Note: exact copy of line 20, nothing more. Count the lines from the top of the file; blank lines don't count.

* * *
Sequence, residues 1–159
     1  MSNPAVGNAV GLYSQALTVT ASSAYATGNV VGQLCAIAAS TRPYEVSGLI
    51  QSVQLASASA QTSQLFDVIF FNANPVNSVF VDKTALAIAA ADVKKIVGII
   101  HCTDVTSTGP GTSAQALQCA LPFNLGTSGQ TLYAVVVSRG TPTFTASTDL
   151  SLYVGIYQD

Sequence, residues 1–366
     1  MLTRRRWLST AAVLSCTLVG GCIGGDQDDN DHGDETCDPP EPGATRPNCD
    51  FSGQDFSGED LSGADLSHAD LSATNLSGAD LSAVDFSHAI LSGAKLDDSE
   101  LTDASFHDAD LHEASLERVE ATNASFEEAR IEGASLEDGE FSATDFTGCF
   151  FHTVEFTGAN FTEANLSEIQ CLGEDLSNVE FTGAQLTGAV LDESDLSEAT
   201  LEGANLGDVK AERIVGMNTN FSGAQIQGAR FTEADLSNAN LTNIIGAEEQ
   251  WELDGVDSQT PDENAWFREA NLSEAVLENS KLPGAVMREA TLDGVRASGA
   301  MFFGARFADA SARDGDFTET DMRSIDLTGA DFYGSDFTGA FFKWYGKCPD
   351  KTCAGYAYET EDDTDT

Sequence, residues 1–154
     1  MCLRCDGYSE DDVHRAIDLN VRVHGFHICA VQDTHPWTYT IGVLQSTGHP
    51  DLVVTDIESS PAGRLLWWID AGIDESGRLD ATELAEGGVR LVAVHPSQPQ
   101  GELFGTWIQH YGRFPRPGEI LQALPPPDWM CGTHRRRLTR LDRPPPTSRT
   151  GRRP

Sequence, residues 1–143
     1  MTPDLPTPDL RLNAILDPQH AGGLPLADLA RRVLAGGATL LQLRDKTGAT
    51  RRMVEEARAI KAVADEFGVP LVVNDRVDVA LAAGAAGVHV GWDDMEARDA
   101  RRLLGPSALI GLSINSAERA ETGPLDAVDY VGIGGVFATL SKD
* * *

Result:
Sequence, residues 1–143